The Washing Line presentation to control the depth of a subsurface pattern is a tactic that I have used occasionally when grayling or trout have been taking nymphs or tiny buzzer pupae just below the surface film. I then fish a dry fly such as a Shuttlecock on the point with my unweighted nymph/buzzer pupa/spider pattern on a very short dropper about 18” behind. I grease the leader to within an inch of the dry fly, but leave the dropper ungreased. This holds the nymph/buzzer/spider near to the surface & the dry fly shows me where the subsurface fly is, whether drag has set in & also acts as an indicator of a take if I don’t see a swirl or flash as a fish takes the wet fly.
Two flies are sometimes used to help when I can’t see my tiny dry midge. immitations, such as at dusk. In this case I might use the Washing Line Method, or more often I attach the bigger fly to the dropper. The disadanvantage of the latter method is that good turn-over of the final bit of tippet holding the tiny fly is more difficult making it a bit more difficult to determine its exact location & to cast it accurately, however if a long piece of tippet is used between the two flies this ensures plenty of slack at the terminal end which reduces the risk of drag, something that is very hard to avoid with tiny flies.
A second fly may also be used as an attractor fly to draw fish to a more subdued/less obvious offering. For example I’ll sometimes fish with a bright pink shrimp on the point with a size 24 drab coloured nymph or buzzer pupa on a dropper, about 12”/30cm above it.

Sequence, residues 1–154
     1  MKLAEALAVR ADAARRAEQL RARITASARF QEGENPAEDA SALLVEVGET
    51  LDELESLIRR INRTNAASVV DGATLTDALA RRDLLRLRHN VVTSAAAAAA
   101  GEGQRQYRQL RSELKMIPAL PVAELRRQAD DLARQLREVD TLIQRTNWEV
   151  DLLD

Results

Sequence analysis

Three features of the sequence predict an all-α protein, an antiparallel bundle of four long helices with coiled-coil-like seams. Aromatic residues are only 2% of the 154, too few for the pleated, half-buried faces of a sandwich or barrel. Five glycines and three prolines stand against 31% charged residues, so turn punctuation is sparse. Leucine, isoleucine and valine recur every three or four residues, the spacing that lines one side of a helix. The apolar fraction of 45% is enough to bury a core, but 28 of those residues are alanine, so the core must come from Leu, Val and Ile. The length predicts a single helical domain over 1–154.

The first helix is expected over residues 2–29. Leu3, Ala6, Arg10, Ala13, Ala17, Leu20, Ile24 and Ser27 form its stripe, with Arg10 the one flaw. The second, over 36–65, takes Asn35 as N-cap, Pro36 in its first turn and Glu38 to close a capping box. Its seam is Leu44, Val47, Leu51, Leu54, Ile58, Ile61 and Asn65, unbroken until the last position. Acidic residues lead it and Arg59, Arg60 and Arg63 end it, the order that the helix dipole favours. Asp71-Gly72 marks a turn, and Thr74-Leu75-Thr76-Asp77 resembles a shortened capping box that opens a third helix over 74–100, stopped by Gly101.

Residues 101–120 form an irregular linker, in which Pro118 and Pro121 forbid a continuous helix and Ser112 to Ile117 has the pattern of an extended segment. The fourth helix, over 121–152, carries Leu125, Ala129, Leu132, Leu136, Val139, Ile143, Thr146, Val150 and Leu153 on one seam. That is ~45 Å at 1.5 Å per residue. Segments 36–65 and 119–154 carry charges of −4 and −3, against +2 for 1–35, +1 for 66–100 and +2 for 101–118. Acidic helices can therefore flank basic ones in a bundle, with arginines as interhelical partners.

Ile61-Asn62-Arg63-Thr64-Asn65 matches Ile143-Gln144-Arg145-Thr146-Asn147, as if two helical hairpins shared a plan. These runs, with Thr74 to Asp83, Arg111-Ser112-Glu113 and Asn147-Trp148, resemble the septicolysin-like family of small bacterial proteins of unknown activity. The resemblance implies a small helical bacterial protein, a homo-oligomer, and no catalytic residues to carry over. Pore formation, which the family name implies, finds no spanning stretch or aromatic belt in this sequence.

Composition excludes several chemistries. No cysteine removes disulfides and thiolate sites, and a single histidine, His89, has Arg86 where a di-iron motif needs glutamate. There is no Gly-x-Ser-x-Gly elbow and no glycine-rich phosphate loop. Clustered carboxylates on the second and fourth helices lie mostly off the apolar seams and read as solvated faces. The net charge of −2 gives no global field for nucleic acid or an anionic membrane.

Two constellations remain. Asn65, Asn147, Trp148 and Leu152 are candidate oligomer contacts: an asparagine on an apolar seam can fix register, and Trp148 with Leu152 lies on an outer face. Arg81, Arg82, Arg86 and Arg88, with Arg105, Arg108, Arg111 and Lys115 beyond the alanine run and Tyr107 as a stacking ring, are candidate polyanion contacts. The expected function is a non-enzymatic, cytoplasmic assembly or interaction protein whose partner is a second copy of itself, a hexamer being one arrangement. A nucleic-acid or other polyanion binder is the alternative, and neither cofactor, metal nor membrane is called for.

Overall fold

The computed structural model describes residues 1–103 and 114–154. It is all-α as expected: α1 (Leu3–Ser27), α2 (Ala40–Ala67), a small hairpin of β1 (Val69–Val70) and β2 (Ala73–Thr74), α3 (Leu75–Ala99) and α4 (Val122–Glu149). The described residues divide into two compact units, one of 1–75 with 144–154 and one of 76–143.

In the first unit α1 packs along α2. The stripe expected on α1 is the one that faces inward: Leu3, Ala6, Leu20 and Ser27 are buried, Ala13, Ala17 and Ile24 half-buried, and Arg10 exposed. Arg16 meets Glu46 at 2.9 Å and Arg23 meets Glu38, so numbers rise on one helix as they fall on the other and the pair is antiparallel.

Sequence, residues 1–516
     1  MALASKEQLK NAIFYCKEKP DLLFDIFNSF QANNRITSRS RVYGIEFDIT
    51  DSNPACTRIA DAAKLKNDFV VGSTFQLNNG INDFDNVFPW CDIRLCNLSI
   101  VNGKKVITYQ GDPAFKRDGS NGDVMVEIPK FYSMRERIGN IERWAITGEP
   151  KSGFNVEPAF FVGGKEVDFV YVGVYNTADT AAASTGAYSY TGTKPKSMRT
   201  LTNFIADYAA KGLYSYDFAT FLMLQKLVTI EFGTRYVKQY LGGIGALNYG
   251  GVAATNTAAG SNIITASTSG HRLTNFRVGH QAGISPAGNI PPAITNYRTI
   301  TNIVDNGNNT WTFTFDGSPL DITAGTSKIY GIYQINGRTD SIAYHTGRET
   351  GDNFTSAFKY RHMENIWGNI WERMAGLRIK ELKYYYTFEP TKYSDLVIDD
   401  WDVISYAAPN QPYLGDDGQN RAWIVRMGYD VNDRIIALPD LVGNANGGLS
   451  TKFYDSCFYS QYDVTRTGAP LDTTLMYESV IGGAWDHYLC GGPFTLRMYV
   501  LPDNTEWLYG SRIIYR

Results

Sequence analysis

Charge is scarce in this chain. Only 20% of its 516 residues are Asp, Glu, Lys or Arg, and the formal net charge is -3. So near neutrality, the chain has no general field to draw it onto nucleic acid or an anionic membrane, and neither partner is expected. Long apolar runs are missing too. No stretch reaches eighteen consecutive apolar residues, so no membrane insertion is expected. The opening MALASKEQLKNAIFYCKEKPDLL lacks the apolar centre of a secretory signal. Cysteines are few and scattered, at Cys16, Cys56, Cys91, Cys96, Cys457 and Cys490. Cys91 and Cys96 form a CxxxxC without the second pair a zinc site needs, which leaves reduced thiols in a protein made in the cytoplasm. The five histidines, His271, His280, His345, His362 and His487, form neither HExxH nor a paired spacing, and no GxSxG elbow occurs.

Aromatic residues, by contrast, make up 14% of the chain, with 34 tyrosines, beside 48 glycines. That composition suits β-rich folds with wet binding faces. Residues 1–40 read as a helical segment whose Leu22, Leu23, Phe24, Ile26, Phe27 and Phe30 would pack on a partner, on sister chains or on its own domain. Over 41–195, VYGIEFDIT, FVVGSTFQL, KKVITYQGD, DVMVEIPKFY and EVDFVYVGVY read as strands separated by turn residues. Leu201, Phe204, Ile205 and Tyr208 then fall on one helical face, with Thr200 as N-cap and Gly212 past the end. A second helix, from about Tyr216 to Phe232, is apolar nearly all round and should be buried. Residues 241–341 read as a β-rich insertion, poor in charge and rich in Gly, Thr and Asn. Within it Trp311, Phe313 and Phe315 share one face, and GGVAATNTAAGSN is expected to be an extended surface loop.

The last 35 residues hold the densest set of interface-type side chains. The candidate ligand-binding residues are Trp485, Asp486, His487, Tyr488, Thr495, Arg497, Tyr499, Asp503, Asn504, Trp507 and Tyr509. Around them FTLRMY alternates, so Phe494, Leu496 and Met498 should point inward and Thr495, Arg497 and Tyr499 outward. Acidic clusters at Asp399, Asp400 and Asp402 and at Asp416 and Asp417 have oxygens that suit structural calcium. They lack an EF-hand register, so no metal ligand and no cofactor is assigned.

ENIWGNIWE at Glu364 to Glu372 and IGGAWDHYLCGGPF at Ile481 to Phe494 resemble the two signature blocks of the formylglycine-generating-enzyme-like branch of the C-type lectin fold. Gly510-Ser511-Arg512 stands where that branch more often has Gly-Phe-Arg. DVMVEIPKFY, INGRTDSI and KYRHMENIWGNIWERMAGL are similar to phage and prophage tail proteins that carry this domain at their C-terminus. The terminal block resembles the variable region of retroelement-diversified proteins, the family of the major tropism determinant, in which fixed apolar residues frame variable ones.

If big fish are expected then using two flies may be risky.
On Driffield Beck the rules are ‘single fly only’, very sensible in view of the heavy weed growth & big fish
My favourite methods of fly fishing are dry-fly or sight-fished nymphs/bugs, but particularly during the winter, when fishing on spate rivers, the grayling are usually loath to rise to a dry fly and the water is too coloured, or the light too poor, to see the fish for sight-fishing. It is then that I resort to a range of nymphing techniques. Of which Euronymphing is my most used technique
Frank Sawyer and Oliver Kite showed nymph-fishers the value of the induced take when nymph-fishing and stillwater fly-fishers are aware of the importance of applying movement to lures. However, many of the dry fly anglers that I see appear to rarely apply movement to their surface offerings, believing that ‘dead drift’ is the most effective way of presenting surface flies.
In the early 1960s when I first started fishing split cane was still the most popular rod-making material and fiber glass was just starting to become popular. However my first ever coarse fishing rod was made of ash butt & middle sections with a greenheart wood tip. My first fly rod, bought in the early 1960s, was a second hand 9’ cane rod built by E. Kerry of Lockton, a small village near Pickering.
Presentation is another critical factor in achieving success & grayling are just as unpredictable with respect to this. Sometimes they want a fly ‘on the drop’ & often they will travel quite a distance to take a fly as it slowly sinks. So there are times that it doesn’t pay to fish a fast-sinking, heavily weighted fly.